SEC’s Proposed Climate Change Rules: A Sea Change in U.S. Disclosure Requirements and Climate Policy


On March 21, 2022, the Securities and Exchange Commission issued long-awaited proposed rules (“Proposed Rules”) that would require specific new types of climate change disclosures. The purpose of the Proposed Rules is to provide “consistent, comparable, and reliable...information to investors to enable them to make informed judgments about the impact of climate-related risks on current and potential investments.”  The SEC also argued that the proposed disclosures “will promote efficiency, competition, and capital formation.”

If adopted as proposed, the Proposed Rules would require extensive, specific disclosures for most public companies, impose third-party verification requirements and establish liability for inaccurate reporting of climate related issues. The Proposed Rules would be phased into effect, commencing for some of the reporting requirements as soon as the year following the issuance of the final rule for the largest companies, and for other requirements and smaller companies, over the course of two or three fiscal years following issuance of the final rules.

Notably, the Proposed Rules take a prescriptive approach to disclosure, arguably departing from materiality principles and disclosure that is aimed at promoting an understanding of a company’s business, financial condition and prospects management and the board of the company. For example, the Proposed Rules specify certain types of disclosure with respect to climate change – for instance, greenhouse gas emissions and certain financial impacts and metrics above a set threshold – regardless of whether those are material. They also impose granular disclosure requirements about company governance and risk management practices regarding climate change that go beyond disclosure requirements for other issues.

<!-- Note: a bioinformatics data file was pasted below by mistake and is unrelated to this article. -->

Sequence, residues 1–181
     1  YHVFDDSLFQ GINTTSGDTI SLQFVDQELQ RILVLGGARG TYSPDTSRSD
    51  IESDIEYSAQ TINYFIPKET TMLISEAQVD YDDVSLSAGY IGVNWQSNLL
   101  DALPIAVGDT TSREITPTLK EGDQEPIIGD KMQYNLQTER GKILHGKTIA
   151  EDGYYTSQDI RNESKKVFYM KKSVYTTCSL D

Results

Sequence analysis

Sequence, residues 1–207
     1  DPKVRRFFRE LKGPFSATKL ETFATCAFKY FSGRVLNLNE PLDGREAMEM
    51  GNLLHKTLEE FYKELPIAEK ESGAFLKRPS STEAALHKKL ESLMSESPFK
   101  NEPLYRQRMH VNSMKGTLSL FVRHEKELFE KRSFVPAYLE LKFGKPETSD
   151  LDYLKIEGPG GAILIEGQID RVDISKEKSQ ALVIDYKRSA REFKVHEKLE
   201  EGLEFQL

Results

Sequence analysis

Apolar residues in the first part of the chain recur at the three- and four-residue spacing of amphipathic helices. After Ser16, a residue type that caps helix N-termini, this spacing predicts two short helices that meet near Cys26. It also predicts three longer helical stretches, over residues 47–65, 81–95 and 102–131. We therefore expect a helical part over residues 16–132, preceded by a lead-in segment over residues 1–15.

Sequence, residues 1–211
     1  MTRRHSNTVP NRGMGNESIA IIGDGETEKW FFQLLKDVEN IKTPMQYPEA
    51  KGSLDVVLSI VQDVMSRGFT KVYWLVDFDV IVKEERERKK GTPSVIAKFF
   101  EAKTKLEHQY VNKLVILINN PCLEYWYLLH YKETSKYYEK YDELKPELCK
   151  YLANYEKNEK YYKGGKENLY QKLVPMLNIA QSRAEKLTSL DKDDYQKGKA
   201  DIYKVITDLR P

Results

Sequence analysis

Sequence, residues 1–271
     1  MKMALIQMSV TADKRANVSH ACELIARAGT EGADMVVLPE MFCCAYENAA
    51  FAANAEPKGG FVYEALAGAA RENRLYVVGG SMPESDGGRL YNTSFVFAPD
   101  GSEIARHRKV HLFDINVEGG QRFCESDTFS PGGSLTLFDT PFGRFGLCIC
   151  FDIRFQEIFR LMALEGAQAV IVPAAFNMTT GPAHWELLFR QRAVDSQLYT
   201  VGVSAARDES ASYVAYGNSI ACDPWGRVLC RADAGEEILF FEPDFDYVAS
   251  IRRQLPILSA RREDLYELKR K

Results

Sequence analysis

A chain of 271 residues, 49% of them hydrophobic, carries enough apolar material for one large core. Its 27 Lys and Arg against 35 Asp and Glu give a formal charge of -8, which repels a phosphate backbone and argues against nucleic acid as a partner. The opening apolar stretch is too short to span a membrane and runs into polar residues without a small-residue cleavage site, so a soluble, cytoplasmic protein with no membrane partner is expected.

The SEC is seeking public comment on the Proposed Rules for a period of up to 30 days after publication in the Federal Register or 60 days after issuance (May 20, 2022), whichever period is longer. We anticipate that significant opposition to the Proposed Rules will be voiced in comments submitted to the SEC and given the cost and extensive requirements of the Proposed Rules, that litigation concerning the final rules is likely.

Summary of the Proposed Rules

The Proposed Rules would require public companies (including foreign private issuers) to provide climate-related disclosure in their registration statements under the Securities Act of 1933 and their annual reports under the Securities Exchange Act 1934 (“Exchange Act”), including information about:

  • Greenhouse Gas (“GHG”) Emissions Reporting. The Proposed Rules require public companies to report their GHG emissions. The SEC explained, at its March 21 meeting, that it believes that GHG emissions are directly correlated with the business risks posed by climate change, and that reporting is therefore important to shareholders. The SEC is proposing to require disclosure of emissions of GHG emissions in three categories defined by the Greenhouse Gas Protocol. These categories include direct emissions from a company’s activities (“Scope 1” emissions) and indirect emissions from purchased energy (“Scope 2” emissions) regardless of materiality. Additionally, if material, or if a company has set a GHG emissions reduction target or goal that includes such emissions, a company would also have to disclose all other emissions in its supply chain and following from the sale of its products (“Scope 3” emissions).